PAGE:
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Florida Law May have Trans Children's Parents Battling for Custody

Tennessee has become the first U.S. state to pass a law restricting drag performances. Additionally, it recently banned gender-affirming health care for transgender youth, and the American Civil Liberties Union will challenge both statutes in court.

The law was signed by Gov. Bill Lee (R) on Thursday, and it prohibits “male or female impersonators who provide entertainment that appeals to a prurient interest” from appearing “on public property” or “in places where an individual other than an adult could watch the adult cabaret performance.”

The proposed law will take effect later this year, according to The New York Times.

ACLU of Tennessee director Stella Yarbrough said in a statement that the ACLU would challenge enforcement of the law if it were used to punish drag performers or shut down family-friendly LGBTQ events.

As Florida starts its next legislative session this week, one bill among a wave of legislation targeting LGBTQ+ rights would allow state courts to remove trans minors from their parents’ custody if the child receives or is “at risk” of receiving gender-affirming healthcare.

The GOP-sponsored SB 254 would also reach across state lines to authorize Florida courts to “vacate, stay or modify a child custody determination of a court of another state,” effectively denying parents who are supportive of their child’s gender transition in so-called “safe states” custody of their children.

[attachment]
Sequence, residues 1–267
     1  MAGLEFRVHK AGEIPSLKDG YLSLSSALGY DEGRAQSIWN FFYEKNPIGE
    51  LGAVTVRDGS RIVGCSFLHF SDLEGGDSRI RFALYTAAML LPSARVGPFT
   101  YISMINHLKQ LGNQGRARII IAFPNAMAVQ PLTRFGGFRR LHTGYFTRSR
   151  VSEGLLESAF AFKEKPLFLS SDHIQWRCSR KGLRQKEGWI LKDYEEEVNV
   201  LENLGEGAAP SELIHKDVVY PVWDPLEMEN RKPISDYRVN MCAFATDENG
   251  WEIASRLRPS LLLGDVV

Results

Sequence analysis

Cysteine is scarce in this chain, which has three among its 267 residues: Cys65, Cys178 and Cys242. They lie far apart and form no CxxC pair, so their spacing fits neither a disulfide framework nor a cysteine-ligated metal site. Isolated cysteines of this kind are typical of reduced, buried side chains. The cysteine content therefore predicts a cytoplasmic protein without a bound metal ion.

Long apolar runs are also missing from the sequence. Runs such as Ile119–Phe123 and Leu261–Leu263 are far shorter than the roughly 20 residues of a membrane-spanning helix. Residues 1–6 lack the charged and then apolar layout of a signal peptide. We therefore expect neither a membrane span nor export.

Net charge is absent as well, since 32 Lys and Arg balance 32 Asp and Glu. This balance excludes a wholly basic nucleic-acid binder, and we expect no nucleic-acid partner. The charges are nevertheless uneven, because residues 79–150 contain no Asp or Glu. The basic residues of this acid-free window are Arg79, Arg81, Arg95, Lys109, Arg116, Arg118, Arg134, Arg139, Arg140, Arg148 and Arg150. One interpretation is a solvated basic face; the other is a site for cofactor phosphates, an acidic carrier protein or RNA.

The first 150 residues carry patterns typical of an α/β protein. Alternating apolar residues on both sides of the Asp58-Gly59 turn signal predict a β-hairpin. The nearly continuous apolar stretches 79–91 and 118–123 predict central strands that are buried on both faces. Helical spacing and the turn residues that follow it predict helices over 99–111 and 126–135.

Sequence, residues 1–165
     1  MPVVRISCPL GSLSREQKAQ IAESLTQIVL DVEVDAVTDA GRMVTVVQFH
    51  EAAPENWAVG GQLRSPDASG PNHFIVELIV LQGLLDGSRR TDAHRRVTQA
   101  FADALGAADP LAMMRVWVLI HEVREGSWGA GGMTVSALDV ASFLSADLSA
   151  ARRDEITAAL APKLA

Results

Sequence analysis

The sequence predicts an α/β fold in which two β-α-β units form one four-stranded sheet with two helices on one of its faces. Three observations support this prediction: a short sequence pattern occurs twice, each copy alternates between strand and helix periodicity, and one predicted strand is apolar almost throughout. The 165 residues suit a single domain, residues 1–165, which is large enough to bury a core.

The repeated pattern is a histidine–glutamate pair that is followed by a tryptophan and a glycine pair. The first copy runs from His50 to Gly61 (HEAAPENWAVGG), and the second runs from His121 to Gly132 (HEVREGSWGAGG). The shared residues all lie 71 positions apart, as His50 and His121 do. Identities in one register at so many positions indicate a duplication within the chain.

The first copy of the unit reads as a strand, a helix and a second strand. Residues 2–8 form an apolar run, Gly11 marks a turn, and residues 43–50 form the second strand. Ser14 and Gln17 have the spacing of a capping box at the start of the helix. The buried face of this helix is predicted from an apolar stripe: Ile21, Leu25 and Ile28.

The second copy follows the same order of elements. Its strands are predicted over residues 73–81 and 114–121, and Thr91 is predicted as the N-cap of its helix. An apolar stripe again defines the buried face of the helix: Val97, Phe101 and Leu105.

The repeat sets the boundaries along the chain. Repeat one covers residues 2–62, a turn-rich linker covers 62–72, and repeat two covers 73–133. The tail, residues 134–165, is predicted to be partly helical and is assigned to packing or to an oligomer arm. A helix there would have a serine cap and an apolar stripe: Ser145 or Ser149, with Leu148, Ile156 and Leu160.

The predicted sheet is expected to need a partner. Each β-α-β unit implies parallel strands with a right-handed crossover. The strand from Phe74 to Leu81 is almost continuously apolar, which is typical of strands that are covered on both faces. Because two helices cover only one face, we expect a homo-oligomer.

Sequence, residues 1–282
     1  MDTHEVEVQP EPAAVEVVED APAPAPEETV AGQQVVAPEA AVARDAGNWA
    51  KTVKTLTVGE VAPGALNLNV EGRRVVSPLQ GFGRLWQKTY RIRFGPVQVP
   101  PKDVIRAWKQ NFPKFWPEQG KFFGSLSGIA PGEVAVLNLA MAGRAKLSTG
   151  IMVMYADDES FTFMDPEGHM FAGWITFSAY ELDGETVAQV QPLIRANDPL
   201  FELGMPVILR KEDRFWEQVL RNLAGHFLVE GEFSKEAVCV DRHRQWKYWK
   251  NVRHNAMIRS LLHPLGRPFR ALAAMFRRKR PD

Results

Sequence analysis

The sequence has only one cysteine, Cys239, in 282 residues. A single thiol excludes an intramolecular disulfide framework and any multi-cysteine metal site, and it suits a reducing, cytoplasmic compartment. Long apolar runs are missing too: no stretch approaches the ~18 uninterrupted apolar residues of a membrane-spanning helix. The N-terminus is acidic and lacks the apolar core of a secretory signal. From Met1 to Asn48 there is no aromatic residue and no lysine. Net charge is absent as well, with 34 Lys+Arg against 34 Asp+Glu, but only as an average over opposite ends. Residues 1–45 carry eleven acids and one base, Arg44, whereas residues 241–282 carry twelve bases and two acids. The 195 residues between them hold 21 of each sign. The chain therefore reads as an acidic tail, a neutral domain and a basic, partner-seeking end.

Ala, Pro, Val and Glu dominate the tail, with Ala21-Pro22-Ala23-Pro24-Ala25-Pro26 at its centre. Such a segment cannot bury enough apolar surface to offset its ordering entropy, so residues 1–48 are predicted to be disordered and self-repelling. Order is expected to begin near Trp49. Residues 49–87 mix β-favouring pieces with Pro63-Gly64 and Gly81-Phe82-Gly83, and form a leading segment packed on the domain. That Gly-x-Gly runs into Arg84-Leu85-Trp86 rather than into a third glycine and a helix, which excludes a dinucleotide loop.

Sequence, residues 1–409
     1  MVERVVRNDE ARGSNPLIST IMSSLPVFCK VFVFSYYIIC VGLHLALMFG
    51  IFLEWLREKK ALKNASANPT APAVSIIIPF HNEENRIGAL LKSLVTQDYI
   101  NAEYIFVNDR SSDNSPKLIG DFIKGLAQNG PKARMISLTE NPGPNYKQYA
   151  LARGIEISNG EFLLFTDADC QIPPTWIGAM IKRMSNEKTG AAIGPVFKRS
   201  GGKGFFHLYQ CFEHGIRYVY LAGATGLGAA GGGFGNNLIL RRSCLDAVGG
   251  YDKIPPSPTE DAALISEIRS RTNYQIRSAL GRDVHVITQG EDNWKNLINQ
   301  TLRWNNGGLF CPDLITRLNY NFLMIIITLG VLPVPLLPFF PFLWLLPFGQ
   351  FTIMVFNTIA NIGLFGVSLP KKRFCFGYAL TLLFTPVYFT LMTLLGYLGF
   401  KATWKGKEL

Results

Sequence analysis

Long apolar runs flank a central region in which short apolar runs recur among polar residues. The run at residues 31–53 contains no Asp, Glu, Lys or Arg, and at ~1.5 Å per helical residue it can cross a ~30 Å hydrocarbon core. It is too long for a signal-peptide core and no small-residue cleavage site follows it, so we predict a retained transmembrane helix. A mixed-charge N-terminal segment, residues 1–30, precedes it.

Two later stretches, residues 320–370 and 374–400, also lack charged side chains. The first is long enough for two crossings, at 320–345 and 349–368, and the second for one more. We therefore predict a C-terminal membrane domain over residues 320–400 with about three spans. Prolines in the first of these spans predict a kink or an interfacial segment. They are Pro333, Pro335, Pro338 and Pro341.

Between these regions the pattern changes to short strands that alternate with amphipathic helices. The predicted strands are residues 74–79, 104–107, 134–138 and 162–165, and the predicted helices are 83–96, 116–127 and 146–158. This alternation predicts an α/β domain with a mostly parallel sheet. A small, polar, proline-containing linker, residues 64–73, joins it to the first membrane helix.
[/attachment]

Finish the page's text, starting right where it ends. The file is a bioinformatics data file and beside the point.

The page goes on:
“This is becoming interstate legislative warfare over trans youth,” posted trans activist Erin Reed.

The legislation would enable one parent opposed to their child’s transition to seize them from the other and stop treatment.

The bill, introduced by State Sen. Clay Yarborough (R), would grant Florida courts authority to take “emergency jurisdiction” of trans youth who receive or may receive puberty blockers and hormone therapy, or what the bill calls “sex-reassignment prescriptions,” and other gender-affirming care.

The bill defines those procedures as “serious physical harm.”

“Parents would be charged with felonies and thrown in prison,” posted Carlos Guillermo Smith, a former Florida House lawmaker, and the state’s first LGBTQ+ Latino legislator. “This is fascist.”

SB 254 would also require healthcare providers to affirm they don’t provide treatment for children younger than 18 or face losing their license.

The bill’s assertion that Florida courts have jurisdiction to override another state’s child custody determinations is likely to be disputed by other states.

Alejandra Caraballo, trans activist and clinical instructor at Harvard Law School’s Cyberlaw Clinic, posted to Twitter that SB 254 amounts to the “legal kidnapping of trans children.”

“The bill extends even further to violate interstate comity by authorizing the courts to vacate child custody determinations of other courts only if the child is trans,” Caraballo wrote. “This is a green light for transphobic family members to engage in state-sponsored kidnapping.”

Reed agreed, adding that the bill is evidence the U.S. is “splitting into states with safe state laws protecting parents and anti-trans states allowing kidnapping.”

SB 254 is one of three bills targeting the LGBTQ+ community introduced this session by state Sen. Yarborough.

SB 1320 would bar Florida public schools from requiring employees, contractors, or students to use someone’s preferred pronouns if they do not correspond with their sex assigned at birth. It would also ban classroom instruction or discussion related to sexual orientation or gender identity through eighth grade, and that ban currently runs through third grade.

SB 1438 addresses the controversy surrounding a performance of the touring show “A Drag Queen Christmas” last December, which conservative media seized on, falsely claiming children were being exposed to sexually deviant behavior. The legislation would revoke the license of any “public lodging” that admits a child to a so-called “adult live performance.”


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